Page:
By the end of the 19th c, the Turkmen used only natural, very strong dyes for coloring of wool. Later they started to use cheaper, weaker aniline dyes, which considerably affected the color range. The patterns had a geometrical shape, and each big tribe had its own distinctive type. Big carpets have a clearly visible division on the central part and borders. In the center one can see octagonal figures and rhombs filled in with patterns. Yomut carpets have patterns like cogged rhomb-shaped rosettes. According to the opinion of carpet expert Moshkova V.G the central pattern, called gel', represented the tribe emblem with the image of a totem in the old days.

The edging consists of ordinary conventionalized geometrical, and sometimes plant motives. The carpets produced at the end of the 19th c and beginning of the 20th c do not contain very many geometrical shapes of animals and plants. Old carpets manufactured hundred years ago were showing everyday life scenes. The yomut strips of carpet were especially interesting in this regard. They showed migration and other scenes. The museum of ethnography of the USSR in St Petersburg keeps an old yomut strip of carpet which reflects a return from a foray - alaman. The modern yomut carpets also contain geometrical plant patterns.

The Turkmen carpets can be divided into fleecy (chitme technique) and non-fleecy (kakma technique). Along with these main types, there are intermediate type, where fleecy patterns are made on a non-fleecy background.

In fact the carpets, carpet bags and decorations for camels are produced in a fleecy way. The Turkmen fleecy carpets are of a high quality; they have thick knots and a short nap. Yomuts are mostly non-fleecy. They include big floor covers, kit-bags - chuval, as well as carpet strips for surrounding wooden frames of yurts and outside cane mats (duzi, bilyup, etc.). However the most beautiful carpet strips, which are now very rare, had patterns on a non-fleecy background. This was the way yomuts produced golan and akyup carpet strips. Strips had very specific drawings: their geometrical pattern goes on white background and changes along the whole length several times. The main picture of this pattern reminds one of a branching tree, strongly conventionalized. These combined strips are very close to Karakalpak ones. Significantly often the Turkmen start using other type of strips for securing yurts: they have colored patterns on a white background. In spite of the variety of carpet forms, the manufacture techniques were not complicated. The carpets were produced on a horizontally installed loom, a very ordinary device.

Two pairs of stakes were hammered into the ground according to the size of the planned carpet. Behind the stakes there were fixed two beams for stretching the main part of the carpet. For thread shifting they used a stick with loops catching one part of the base, and a small board. A stick with loops was installed on forks hammered into the ground, or on handmade loam columns. In order to keep base threads immovable, they fixed them by loam to the stick. Woof thread was taken through by hand without a shuttle. For hammering the woof, people used a massive iron comb with a wooden handle. They cut the nap with scissors made by local craftsmen.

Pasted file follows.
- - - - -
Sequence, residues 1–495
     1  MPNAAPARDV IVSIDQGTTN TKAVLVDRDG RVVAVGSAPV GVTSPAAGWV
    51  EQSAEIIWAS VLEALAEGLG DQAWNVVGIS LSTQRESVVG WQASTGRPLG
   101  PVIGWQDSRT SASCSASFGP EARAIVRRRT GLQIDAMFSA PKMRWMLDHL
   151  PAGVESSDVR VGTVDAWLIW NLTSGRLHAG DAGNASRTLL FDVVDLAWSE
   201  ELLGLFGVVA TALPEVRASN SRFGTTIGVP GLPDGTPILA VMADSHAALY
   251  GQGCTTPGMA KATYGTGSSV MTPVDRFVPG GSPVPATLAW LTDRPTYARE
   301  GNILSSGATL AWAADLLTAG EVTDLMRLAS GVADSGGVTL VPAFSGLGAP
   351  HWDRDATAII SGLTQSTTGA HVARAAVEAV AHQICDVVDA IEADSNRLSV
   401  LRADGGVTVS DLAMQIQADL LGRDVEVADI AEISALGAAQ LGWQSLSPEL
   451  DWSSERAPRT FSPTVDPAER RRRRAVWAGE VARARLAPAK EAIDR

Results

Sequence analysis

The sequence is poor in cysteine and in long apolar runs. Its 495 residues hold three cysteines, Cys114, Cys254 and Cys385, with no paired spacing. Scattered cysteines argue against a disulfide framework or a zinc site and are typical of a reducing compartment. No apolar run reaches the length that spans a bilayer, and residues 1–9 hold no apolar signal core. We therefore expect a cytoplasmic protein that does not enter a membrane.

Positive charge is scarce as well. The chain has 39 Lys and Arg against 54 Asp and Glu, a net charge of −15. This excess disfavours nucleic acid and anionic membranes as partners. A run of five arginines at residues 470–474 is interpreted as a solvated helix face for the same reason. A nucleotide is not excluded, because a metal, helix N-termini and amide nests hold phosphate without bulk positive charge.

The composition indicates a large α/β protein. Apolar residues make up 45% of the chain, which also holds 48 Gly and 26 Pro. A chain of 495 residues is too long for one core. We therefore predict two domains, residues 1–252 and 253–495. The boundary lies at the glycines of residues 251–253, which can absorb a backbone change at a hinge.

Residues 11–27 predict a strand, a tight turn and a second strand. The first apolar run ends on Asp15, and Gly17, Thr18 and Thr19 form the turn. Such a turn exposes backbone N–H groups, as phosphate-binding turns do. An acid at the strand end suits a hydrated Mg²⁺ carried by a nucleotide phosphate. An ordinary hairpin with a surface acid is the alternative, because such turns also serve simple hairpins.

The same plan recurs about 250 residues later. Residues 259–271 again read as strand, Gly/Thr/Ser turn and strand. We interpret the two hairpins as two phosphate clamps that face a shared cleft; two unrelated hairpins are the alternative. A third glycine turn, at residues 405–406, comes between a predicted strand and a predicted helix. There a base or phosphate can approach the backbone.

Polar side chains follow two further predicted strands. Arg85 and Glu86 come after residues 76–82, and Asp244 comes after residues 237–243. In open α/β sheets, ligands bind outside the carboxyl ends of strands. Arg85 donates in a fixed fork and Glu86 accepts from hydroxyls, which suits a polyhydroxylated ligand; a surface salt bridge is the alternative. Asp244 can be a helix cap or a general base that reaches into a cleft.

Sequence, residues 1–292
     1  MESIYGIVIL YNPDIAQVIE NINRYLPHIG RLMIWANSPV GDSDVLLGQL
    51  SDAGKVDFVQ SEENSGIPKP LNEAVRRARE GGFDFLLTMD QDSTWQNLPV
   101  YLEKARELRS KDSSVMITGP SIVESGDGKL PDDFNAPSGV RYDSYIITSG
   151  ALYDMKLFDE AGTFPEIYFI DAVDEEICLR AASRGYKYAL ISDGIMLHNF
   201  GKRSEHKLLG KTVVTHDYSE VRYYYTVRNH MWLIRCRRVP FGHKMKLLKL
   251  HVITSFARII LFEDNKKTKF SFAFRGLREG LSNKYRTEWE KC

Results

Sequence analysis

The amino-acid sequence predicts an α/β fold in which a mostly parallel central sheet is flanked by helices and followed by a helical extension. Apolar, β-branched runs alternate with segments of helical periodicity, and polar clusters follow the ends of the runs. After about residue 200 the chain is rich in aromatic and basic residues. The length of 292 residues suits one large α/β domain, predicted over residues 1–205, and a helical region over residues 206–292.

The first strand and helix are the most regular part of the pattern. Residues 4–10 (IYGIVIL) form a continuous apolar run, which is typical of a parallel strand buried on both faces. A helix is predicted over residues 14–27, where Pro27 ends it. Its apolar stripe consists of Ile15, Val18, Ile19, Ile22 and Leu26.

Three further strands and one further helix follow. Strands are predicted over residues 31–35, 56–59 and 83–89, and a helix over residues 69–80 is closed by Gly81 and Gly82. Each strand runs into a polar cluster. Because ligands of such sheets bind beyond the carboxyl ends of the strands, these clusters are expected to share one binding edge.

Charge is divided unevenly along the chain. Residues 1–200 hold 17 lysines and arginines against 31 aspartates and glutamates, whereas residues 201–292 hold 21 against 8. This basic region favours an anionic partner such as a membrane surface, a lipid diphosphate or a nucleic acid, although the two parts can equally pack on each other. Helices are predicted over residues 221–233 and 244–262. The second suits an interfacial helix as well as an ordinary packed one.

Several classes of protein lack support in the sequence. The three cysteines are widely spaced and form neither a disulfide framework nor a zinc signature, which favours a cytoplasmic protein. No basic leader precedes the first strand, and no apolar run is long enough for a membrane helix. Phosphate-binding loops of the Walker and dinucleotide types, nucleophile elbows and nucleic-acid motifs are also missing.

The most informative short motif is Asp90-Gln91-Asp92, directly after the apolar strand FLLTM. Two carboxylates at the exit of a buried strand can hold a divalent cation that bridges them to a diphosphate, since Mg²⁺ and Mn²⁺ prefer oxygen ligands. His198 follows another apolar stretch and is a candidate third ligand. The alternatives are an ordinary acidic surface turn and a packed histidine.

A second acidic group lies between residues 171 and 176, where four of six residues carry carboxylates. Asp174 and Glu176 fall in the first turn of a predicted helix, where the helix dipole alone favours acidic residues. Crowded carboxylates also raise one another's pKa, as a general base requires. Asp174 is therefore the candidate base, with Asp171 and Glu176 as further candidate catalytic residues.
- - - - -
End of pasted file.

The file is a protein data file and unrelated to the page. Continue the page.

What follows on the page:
This delicate technique did not allow fast work. It took a month of hard work for a Turkmen woman to weave a 4-5 m carpet. For wide carpets, several women worked, sitting in a row.

During cold times the loom was installed inside a special yurt. In summer it was installed under a shed. Mainly, carpets were produced during the warm period of the year, as it was difficult to work in winters. Threads were made gradually, and mainly of sheep wool cut in spring.

Now carpet weaving is becoming more popular but is done in special artels. Weavers have learned new techniques (vertical weaving) and new patterns. The carpets are made to order.

Felt

Felt works are also made, but are not so outstanding as those of the Kazakhs, Kirgiz and Karakalpaks.

Reed mats are used as frames. Layers of wool are spread, soaked and rolled on them. The mat is tied round with a rope and the rolling continues, sometimes with the help of a horse. The felt is removed, turned over and rolled by hand.

The mats are used as bedding and cover for the lower part of the yurt, with the felt on top. They are woven on primitive devices with thick thread. This is different from techniques of the Uzbeks and Tajiks. Their nomadic lifestyle gave preference to felt ornament on carpets and purses - keche.

Ornamented felts - keche - have extremely interesting and peculiar patterns. The main pattern, which frames the central part, is called sary ichyan (yellow scorpion), saylan (election) or gochak (ram horn). The central field is usually occupied by 2-4 large circles, which have different names in various tribes. The central pattern's name is the name of the felt. Yomut-djafarbays and inhabitants of the Caspian Sea coast have two-sided ornamented felts - goshma keche. The local crafts women are considered to be the most skillful in making felts. Felt items by Turkmen-Saryks were especially prized. They are produced in settled areas now as well. Turkmen herders of sheep produced the most felt, both monotone and ornamented.

The manufacturing process is mainly the same like in other regions of Central Asia; felt production is only a women's occupation.

New ornaments are now used. Carpet making became an industry, but it is still done as a handicraft.

Source: http://intangiblenet.freenet.uz

Posted by countryturkmenistan at 12:16 PM